Marcus Stroman is about to pitch one of the biggest games of his life for the Toronto Blue Jays.

When he takes the mound Monday at the Rogers Centre against the Cleveland Indians for Game 3 of the American League Championship Series, he will be attempting to keep his team in the series and out of a desperation 0-3 hole.

Despite possessing a huge power advantage with Edwin Encarnacion (42 home runs, 127 RBI during the regular season), Josh Donaldson (37 homers, 99 RBI), Troy Tulowitzki (24 home runs) and Jose Bautista (22 home runs), the Blue Jays scored a grand total of one run in the two games played in Cleveland and are down 0-2.

The Blue Jays’ inability to get to Cleveland starters Corey Kluber and Josh Tomlin in the first two games caused huge problems. The Indians were able to build small but significant leads at 2-0 and 2-1, and that enabled Cleveland manager Terry Francona to turn the game over to his scintillating bullpen. The Toronto Star‘s Richard Griffin (via his colleague Brendan Kennedy) elaborated on the dominance of Cleveland’s bullpen:

That’s something Toronto manager John Gibbons does not want to see. The Cleveland bullpen, led by the redoubtable 6’7″ left-hander Andrew Miller, may be the single most intimidating weapon of the postseason.

The Cleveland bullpen will almost certainly have an opportunity in Game 3 Monday night, but the Blue Jays need to find a way to get to starting pitcher Trevor Bauer before the bullpen gets called into action.

Encarnacion and Donaldson should be able to hammer the ball off of Bauer. The Cleveland starting pitcher was 12-8 during the regular season but posted an ERA of 4.26 and a WHIP of 1.311.

The Blue Jays should be able to find a way to get to him and get their booming bats going. They ripped through a strong Texas Rangers pitching staff by scoring 22 runs in three games, but the Indians’ pitching staff simply hasn’t allowed the Blue Jays to gain any traction.

Nevertheless, Donaldson says the Blue Jays believe they have the ability to turn things around. 

“Everyone in this room is confident,” Donaldson told Andrew Marchand of “We get to play three at home. We feel good at home. We feel good in playing in front of our fans. They have had two to play in front of their fans.”

They should feel confident that they can get to Bauer, who was pushed back from a Game 2 start after cutting the pinkie finger on his right hand while trying to repair a drone, according to’s Jerry Crasnick:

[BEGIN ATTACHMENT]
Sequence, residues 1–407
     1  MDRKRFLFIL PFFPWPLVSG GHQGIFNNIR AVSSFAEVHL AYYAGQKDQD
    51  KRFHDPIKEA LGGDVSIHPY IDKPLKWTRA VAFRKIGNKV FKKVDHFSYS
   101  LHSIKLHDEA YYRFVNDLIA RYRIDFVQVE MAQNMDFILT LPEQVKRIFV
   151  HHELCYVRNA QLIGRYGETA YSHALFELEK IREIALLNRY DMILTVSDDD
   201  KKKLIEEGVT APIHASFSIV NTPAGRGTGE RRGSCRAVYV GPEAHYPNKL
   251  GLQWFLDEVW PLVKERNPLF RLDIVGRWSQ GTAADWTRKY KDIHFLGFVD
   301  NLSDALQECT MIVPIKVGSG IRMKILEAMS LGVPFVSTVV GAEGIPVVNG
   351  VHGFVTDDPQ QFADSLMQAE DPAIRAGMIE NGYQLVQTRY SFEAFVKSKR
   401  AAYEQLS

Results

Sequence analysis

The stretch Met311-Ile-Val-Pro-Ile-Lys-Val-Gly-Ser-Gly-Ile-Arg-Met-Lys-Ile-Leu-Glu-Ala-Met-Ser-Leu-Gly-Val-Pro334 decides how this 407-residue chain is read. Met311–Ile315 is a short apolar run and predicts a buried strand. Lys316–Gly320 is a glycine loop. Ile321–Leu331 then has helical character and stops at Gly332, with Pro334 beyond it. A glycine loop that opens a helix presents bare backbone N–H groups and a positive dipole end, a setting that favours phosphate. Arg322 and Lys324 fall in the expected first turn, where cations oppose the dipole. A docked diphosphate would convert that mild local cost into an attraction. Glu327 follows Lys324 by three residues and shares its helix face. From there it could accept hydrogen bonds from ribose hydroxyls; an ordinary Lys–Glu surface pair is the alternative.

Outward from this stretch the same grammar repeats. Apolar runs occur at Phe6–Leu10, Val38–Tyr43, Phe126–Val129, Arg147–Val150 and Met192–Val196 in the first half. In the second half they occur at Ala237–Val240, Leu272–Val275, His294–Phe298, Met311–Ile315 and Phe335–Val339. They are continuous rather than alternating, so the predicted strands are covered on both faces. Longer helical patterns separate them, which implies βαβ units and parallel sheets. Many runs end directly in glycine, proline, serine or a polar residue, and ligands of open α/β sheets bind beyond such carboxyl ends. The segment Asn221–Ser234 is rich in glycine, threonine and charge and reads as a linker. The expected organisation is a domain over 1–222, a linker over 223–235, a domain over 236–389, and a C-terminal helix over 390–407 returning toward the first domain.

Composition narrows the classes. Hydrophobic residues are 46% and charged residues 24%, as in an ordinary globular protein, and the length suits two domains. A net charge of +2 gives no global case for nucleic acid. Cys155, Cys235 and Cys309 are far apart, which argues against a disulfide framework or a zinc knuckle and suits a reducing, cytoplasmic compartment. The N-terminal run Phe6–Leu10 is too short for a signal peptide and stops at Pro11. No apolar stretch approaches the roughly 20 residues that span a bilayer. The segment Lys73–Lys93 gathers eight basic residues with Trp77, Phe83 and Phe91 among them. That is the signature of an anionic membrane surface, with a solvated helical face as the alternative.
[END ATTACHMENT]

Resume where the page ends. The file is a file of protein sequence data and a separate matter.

However, once the game gets turned over to Miller, Bryan Shaw and Cody Allen, the Blue Jays need to have the lead or they will be playing with fire.

Miller has thrown 3.2 scoreless innings against the Blue Jays in Games 1 and 2, and there is no reason to think Francona will lessen his workload in Toronto. Allen closed out each of the first two games, while Shaw, who appeared in 75 games in the regular season, has been a workhorse for the Indians.


Keys for Cleveland

The Indians must get another strong pitching effort from their starter. Francona can’t expect Bauer to come through with a Kluber-like effort, but if he can provide five solid innings and the Indians are within a run, they should have an excellent chance of tying the game or going ahead in the late innings. If he can leave with the lead, the Tribe will likely secure a 3-0 series advantage.

Carlos Santana hit a home run in Game 2, and that’s not a surprise, considering he hit 34 home runs during the regular season. Mike Napoli also hit 34 bombs during the regular season, and the Indians would like to see him come through with a long ball or two in Toronto.

Of course, the Indians need superior relief pitching from their bullpen stars. As good as Miller is, he can’t have any lapses. Allen will likely be asked to close out the game if the Tribe has the lead. He needs to remain consistent against a powerful lineup.


Keys for Toronto

The Blue Jays need to jump out to an early lead and then keep adding to it. The best thing they can do for themselves and their fans is get runs in the first inning. They need to dictate the pace of the game by hitting the ball hard from the start against Bauer, who is not an ace.

They must also run the bases well—take the extra base when it is available, but don’t force the issue. Cleveland is a strong defensive team and would be happy to take advantage of reckless baserunning.

Finally, Stroman needs to do a solid job. He pitched six innings and gave up two runs in the Wild Card Game victory over the Baltimore Orioles. A similar or better effort will be needed here.


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